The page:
Outside of the postapocalyptic wasteland that is the stage at UCB’s Cagematch — Los Angeles’ famed battleground for long-form improvisational comedy — all-time record holders and current champs Hebecky Drysbell (73-0) rarely see each other. But if you’ve ever watched the duo onstage, you’d find that hard to believe.
“It would be weird now to meet on Saturday and go to a museum,” says Heather Anne Campbell (SNL, Fox's ADHD, Whose Line Is It Anyway?, Drew Carey's Improv-a-Ganza), who is one half of the two-woman team. Her partner, Rebecca Drysdale (Key & Peele, MTV, Second City, UCB NY, iO West), admits that they initially made an effort to hang out more outside of Cagematch, but at this point it would just ruin their relationship.
The two share an uncanny chemistry onstage — akin to Colin Mochrie and Ryan Stiles of Whose Line Is It Anyway?, or Amy Poehler and Tina Fey. The fast-paced, quick-witted and character-rich brand of improv at which they excel seems to come effortlessly when the duo performs on Wednesdays.
“We have a very specific language that we speak; we’re both nerds,” Drysdale says. Campbell cheerfully points out, “We watched all the same movies and TV shows growing up.” In the professional realm, they’ve both been involved with Comedy Central’s popular sketch show Key & Peele (in different capacities) and, perhaps most notably, are alums of Amsterdam’s Boom Chicago, which is what drove them to team up in the first place.
Campbell started improvising with Drysdale only 73 weeks ago, but she's no stranger to the Cagematch stage or its L.A. chapter’s rankings. After shutting out local improv legends Convoy with 49 consecutive wins as part of Heather & Miles (with Miles Stroth, founder of the Pack Theater) in 2012, Campbell returned to beat her own record with Hebecky Drysbell in 2015 and hasn’t lost since.
“We’re sort of in, I guess you could say, uncharted territory,” says Harrison Brown, who co-hosts the show alongside Ronnie Adrian and Jonny Svarzbein at the theater's Franklin Avenue outpost every Wednesday night at 11 p.m.
“Cagematch has always been about finding the new team that doesn’t have a home somewhere at UCB and giving them stage time [to see] if they can build an audience,” says Svarzbein, otherwise known as “the Scheduler.”
When the cap on 50 consecutive wins was lifted, few people were expecting Hebecky Drysbell to go on to win 23 more shows. But that’s exactly what they did, which now makes them the longest-running team to date — surpassing some of the most memorable names who’ve earned Cagematch fame, including White Women, Shitty Jobs and Cook County Social Club.
Their unprecedented run has the hosts rethinking some of the show’s many rules. “If they lose, retire, what have you, then we’re going to set a permanent cap on 25 or 30 [wins],” Svarzbein says.
In the meantime, you can rest assured that the most important Cagematch rules, set by the tribal council Thunderstruck (the hosts), will remain fairly unchanged. Those rules state that if anyone competing in Cagematch eats a chicken wing onstage, kicks that chicken wing into the audience or is wearing a luchador mask, that person will automatically be “DISQUALIFIED!” as the audience shouts in unison with the hosts. And if any performer breaks these rules, they will be banished to the shadow realm of … “Pasadena.”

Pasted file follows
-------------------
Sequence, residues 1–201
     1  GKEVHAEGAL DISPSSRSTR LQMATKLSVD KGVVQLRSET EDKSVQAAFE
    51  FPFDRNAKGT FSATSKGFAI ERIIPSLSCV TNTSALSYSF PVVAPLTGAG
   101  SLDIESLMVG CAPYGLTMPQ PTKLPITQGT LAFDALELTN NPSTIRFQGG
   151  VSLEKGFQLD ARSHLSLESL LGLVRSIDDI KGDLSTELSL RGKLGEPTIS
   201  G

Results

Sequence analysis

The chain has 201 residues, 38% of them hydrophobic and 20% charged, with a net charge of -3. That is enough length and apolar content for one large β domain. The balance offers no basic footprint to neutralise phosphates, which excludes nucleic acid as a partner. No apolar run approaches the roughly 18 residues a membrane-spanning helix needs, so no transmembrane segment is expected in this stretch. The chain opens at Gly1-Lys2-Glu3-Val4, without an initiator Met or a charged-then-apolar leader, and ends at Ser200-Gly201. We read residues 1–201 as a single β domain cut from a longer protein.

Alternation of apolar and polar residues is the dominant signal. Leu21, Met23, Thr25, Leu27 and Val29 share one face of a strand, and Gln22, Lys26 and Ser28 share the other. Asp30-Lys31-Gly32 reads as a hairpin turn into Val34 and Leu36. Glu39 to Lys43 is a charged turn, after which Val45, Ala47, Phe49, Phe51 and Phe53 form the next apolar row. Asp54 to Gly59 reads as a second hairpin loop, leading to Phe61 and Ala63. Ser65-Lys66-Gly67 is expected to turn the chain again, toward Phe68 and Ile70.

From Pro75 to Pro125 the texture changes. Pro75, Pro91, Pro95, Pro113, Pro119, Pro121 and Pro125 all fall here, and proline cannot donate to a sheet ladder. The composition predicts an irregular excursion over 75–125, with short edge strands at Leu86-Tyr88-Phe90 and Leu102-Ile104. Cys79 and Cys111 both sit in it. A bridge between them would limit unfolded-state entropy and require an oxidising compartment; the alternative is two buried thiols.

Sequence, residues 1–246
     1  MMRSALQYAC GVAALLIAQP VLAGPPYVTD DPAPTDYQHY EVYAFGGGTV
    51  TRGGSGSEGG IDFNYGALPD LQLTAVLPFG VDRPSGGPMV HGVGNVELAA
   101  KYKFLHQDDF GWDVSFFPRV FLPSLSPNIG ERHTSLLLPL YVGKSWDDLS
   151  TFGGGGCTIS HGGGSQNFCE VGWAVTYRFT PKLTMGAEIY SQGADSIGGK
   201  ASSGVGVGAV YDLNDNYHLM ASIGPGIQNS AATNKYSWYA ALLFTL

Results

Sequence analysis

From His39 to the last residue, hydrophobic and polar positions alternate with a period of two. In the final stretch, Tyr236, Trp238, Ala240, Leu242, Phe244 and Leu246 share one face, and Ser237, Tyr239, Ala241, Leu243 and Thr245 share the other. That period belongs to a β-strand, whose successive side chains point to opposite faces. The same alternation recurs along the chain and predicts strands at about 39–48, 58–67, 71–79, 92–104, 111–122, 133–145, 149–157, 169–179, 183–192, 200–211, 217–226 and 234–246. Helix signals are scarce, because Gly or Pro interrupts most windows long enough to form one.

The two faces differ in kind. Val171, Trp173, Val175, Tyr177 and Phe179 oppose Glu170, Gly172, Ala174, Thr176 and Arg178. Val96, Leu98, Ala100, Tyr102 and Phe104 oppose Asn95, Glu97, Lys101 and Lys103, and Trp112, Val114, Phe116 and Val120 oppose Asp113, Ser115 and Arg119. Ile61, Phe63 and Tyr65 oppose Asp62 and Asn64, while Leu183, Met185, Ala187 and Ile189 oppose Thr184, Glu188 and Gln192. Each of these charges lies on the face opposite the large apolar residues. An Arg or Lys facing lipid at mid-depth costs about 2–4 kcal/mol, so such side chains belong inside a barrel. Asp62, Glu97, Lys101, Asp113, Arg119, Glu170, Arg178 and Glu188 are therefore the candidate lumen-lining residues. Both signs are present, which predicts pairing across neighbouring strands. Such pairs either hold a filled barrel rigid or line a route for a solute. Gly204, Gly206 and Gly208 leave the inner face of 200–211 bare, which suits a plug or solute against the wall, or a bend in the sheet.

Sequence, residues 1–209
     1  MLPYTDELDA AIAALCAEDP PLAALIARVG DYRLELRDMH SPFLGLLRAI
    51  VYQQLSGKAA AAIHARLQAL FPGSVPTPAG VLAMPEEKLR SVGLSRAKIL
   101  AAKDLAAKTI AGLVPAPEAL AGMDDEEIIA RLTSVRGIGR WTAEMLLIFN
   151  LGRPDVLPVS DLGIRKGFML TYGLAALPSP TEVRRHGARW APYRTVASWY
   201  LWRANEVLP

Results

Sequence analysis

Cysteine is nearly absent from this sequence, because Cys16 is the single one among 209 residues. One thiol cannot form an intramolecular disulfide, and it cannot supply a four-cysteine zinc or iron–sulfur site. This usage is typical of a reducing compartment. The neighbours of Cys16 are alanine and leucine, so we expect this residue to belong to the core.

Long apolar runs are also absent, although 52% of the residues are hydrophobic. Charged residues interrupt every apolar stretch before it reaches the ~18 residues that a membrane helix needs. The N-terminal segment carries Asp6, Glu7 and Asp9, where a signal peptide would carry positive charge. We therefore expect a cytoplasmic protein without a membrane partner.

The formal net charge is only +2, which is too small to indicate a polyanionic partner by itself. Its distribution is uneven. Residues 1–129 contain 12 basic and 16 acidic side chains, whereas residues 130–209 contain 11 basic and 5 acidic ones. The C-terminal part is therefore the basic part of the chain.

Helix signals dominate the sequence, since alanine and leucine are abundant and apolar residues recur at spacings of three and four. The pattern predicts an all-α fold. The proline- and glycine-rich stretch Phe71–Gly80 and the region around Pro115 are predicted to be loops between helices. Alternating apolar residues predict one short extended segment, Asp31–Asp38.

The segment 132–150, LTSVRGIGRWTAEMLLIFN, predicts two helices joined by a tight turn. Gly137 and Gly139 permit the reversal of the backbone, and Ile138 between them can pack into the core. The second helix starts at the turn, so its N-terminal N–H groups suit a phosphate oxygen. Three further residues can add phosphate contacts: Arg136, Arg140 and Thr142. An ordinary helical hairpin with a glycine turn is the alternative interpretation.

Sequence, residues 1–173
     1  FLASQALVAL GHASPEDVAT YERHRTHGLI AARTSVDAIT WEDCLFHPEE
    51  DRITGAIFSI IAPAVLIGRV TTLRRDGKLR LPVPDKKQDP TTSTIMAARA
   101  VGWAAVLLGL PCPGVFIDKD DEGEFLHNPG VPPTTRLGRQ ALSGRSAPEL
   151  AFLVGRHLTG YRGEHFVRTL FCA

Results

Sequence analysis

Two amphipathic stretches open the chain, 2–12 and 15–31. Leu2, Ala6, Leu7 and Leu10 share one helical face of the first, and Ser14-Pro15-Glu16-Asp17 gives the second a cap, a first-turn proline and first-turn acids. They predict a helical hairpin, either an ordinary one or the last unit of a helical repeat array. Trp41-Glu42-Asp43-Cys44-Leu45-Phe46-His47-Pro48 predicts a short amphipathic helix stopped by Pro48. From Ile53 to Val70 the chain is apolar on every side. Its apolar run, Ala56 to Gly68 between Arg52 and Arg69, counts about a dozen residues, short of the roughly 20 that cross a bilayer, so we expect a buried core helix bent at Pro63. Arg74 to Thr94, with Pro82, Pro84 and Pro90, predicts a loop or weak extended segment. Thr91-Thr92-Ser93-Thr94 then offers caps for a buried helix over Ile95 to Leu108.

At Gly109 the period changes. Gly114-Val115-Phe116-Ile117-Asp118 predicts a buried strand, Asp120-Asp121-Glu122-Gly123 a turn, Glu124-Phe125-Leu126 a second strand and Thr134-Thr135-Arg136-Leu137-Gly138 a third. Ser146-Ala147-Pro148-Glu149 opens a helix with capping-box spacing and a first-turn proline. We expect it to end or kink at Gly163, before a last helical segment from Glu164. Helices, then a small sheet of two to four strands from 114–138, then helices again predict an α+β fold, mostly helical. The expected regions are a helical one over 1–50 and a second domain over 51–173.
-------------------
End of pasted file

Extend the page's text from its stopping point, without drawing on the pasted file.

These aren’t just hyper-specific and amusing guidelines to keep people away from the suburban snoozetown. They’re also common refrains to the opening segment of the show, echoed by many of the late-night regulars. The show has garnered such a cult following that now some of the fans “are making their own traditions of what to follow with the intro,” says Svarzbein.
“It’s almost like a Mystery Science Theater or Rocky Horror Picture Show kind of thing. They know all the call-and-responses. They know what to say at what times. And there have been times they even surprised us by [saying] the same thing … without any prompting.”
But when it comes to Hebecky Drysbell’s rules, there is only one they swear by:
“All we ever say is: ‘Move fast, play a lot of characters, have fun,’” Drysdale says.
Quickness is the mandate because, as it stands, the duo has only 20 minutes a week to improvise together and put out their best work. To secure a permanent weekly slot on the UCB schedule, they’d have to wait for an opening, and openings are hard to come by. For now, while the uncertainty of performing in a winner-takes-all and loser-goes-home format may be stressful, Campbell and Drysdale aren’t sweating it too much. As far as they’re concerned, they’re happy to simply come out and perform together every week for as long as it lasts.
“The UCB slogan is ‘don’t think’ and I think the slogan for our show is ‘don’t worry,’” Campbell says, because no matter what the suggestion is or how far-out the scene may go, she is never worried about Drysdale keeping up, and vice versa.
“I never worry. I’ll be like, ‘Hey, the six of you, what do you think?’ Because I know Heather will play all of those [characters],” Drysdale says.
“And neither of us wants to win the show, but there is the joy of upending things,” Campbell adds. “We don’t want to win the game in the scene; we want to win that scene. And the best way to do that is to lose as individuals.”
See Hebecky Drysbell take on Dope Town 3000 (Zora Bikangaga, Shaun Fisher, Greg Smith) on Wed., Nov. 9, at 11 p.m. at UCB Franklin, 5919 Franklin Ave., Hollywood; $5 (tickets often sell out in advance). franklin.ucbtheatre.com/performance/49906.